Question 2: sha1 and md5 are hashing algorithms. That means that for any given string of any length, they give back a number that's displayed as 41/32 byte hex string.

What's the use of that? The use is that those algorithms aren't reversible, which makes them perfect for hiding information such as someone's username and password. Many people use one and the same password for everything, in order to ensure their password wont' get stolen in case you messed up and a hacker got the access to your database - you provided another level of security for your users - no one should be able to get an actual password out of the hash. Naturally, that also prevents the person who has the access to the db to read people's passwords and compromise their privacy. Now, there are ways to try to reverse hashes to plain text (so called rainbow tables) but that's another topic all together.

Question 3: you should actually prevent session hijacking in the first place. Why does it happen? Are you exposing session_id to the public somehow (via URL) and are you implementing standard checks?

Asking for password every now and then is an annoyance to the user and should be avoided, unless you can't think of a way to protect the session.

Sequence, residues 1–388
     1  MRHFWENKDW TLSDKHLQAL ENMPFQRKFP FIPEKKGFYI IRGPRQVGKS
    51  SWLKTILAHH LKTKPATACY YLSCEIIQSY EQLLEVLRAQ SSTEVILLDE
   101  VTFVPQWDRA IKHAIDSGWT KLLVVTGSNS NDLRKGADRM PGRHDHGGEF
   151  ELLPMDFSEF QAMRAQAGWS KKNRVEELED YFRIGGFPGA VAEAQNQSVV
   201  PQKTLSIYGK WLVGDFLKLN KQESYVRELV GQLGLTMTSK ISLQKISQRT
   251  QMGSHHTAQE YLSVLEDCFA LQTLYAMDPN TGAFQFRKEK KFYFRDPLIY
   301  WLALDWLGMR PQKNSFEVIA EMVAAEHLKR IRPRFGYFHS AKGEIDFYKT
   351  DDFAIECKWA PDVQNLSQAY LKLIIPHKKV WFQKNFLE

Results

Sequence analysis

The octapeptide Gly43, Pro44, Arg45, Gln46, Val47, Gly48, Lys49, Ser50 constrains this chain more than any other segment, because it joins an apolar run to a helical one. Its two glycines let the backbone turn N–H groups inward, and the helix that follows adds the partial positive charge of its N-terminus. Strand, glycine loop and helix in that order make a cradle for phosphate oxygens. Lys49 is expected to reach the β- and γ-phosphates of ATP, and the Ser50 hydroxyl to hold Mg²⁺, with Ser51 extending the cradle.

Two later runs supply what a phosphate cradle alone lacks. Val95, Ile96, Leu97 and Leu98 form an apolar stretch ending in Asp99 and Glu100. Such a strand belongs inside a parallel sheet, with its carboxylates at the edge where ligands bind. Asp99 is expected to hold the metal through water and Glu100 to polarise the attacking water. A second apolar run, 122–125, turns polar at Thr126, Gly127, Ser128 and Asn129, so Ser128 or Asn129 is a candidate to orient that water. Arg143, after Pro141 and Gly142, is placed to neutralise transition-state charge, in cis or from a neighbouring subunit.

As for other things, there's something called PHP PDO which SHOULD in theory make the use of cleaning strings, connecting to the database and inserting stuff into the database much easier (although it's quite complex compared to regular mysql_ or mysqli_ functions so people seem to avoid it). You should at least read about it to get an insight on what it does and how it can help you against SQL injections.

share|improve this answer
Re question 3 - there are cases of session hijacking that are impossible to protect against without https. Even Stack Overflow has the same issue.… – Pekka 웃 Apr 26 '11 at 15:50
You might want to hash the user id to avoid guessing of the other users URL in case the user ID appears there. You can't try 1,2,3, and so on. Makes sense for sensible data (like pictures, when some pictures are private, for example) but if the other URLs are public, google will also list them all. – Capsule Apr 26 '11 at 15:56
@Capsule - since the context of how $_GET['user_id'] is used is not mentioned, it's hard to assume what's useful. For example, if the user is logged on, is it necessary to hide user_id in the query string if the logged on user is attempting to send a message to his friends? I agree, in some cases it's good to obfuscate the actual user_id, as for how - that's another topic for itself. @Pekka - yes, on an open wireless network it's easy to obtain someone's cookie which makes session hijacking trivial without HTTPS. – Michael J.V. Apr 26 '11 at 16:01
@Michael, thanks for your answer. I store username on php session after the user login his account. I read a lot of article about how to prevent session hijacking and I realize there is no way to prevent it except https. – zac1987 Apr 26 '11 at 16:21